Catalytic protocells get zingy

Catalytic protocells get zingy
Darkfield microscopy image of a single multi-compartmentalized capsule containing thousands of catalytic protocells that decompose hydrogen peroxide into water and oxygen gas. Credit: Dr. Pierangelo Gobbo and Dr. B. Pavan Kumar, University of Bristol

Artificial cells capable of oxygen gas production and chemical signalling have been prepared using a combination of synthetic and biological catalysts through an international collaboration between the University of Bristol and the University of Padua in Italy.

From the synthesis of drugs to the generation of plastics, catalysts—substances that speed up without being consumed—are the backbone of many industrial processes.

Catalysts come in many forms such as inorganic , organic liquids and aqueous enzymes, and can be linked to solid surfaces to increase their performance.

In a new study published in the journal Nature Communications, an international research team, led by University of Bristol chemists, used two different types of catalysts to develop a new type of artificial cell capable of decomposing hydrogen peroxide and generating oxygen.

The team used a ruthenium-based inorganic catalyst in the form of a synthetic enzyme (synzyme) as a membrane structuring agent to generate copious amounts of oxygen bubbles that they then exploited to construct synzyme-driven buoyant microcapsules.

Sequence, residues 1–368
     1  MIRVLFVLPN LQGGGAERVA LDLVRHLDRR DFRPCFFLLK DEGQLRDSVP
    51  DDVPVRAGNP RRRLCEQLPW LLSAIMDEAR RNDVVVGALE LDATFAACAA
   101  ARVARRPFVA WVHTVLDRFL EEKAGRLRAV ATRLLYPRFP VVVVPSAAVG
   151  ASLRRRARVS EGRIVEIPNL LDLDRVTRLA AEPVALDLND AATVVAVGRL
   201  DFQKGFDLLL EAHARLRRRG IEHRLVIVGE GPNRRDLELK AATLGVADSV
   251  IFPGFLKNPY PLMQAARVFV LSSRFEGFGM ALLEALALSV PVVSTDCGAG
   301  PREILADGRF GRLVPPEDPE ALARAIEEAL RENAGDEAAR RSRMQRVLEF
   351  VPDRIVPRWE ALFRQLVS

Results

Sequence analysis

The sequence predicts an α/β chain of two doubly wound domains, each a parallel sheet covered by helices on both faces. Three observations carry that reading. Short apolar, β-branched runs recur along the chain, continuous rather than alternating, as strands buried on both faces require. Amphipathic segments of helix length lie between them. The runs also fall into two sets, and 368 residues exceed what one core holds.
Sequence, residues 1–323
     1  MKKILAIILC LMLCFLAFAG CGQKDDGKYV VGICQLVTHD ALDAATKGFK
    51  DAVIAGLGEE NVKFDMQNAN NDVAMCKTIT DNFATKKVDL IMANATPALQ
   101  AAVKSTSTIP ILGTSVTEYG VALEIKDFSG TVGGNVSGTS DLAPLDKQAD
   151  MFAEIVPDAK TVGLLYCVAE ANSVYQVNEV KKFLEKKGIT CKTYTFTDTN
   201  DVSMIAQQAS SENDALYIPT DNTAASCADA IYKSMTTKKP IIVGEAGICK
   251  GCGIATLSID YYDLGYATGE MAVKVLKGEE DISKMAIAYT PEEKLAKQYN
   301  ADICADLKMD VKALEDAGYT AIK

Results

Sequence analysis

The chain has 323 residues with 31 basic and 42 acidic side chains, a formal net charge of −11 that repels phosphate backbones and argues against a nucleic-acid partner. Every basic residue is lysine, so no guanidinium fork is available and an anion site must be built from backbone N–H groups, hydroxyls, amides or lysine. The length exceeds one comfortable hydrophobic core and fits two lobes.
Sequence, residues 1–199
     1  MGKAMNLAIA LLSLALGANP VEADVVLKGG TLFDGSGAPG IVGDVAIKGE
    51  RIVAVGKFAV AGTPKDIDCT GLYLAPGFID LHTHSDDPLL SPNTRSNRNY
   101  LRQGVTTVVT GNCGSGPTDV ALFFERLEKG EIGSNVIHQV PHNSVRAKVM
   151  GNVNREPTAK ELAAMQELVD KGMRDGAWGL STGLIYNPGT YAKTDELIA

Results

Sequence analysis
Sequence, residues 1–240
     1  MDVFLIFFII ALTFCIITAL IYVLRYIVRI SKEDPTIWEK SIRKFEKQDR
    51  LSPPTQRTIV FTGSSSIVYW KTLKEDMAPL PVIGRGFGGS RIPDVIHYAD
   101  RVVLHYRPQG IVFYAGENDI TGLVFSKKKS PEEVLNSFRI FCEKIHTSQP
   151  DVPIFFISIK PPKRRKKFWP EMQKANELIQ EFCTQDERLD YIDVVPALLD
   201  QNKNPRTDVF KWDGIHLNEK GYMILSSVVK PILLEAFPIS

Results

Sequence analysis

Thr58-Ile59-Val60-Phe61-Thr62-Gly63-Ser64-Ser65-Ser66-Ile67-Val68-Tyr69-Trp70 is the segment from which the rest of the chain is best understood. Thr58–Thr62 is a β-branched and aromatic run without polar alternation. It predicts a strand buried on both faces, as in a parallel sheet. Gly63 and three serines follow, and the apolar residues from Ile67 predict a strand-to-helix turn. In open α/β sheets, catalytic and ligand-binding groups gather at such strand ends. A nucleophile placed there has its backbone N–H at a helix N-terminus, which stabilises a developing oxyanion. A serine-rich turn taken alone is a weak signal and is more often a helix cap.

In addition, the natural enzyme horseradish peroxidase was captured inside the protocells so that the synthetic and biological catalysts competed for hydrogen peroxide present in the solution.

The team used the antagonistic arrangement of the two catalysts to implement a rudimentary chemical signalling pathway between members of an artificial protocell community that were dispersed in solution or trapped within small droplets.

Professor Marcella Bonchio, from the University of Padua, said: "As the ruthenium-based has significant potential in bio-inspired catalysis, it seems feasible that communities of synzyme protocells could provide a step towards synthetic metabolic networks based on light-activated stimuli."

Professor Stephen Mann from the University of Bristol's School of Chemistry, added: "Our results highlight a new type of catalytic micro-compartment with multi-functional activity and provide a step towards the development of protocell reaction networks."

More information: Pierangelo Gobbo et al, Catalytic processing in ruthenium-based polyoxometalate coacervate protocells, Nature Communications (2020). DOI: 10.1038/s41467-019-13759-1

Journal information: Nature Communications

Citation: Catalytic protocells get zingy (2020, January 8) retrieved 4 March 2024 from
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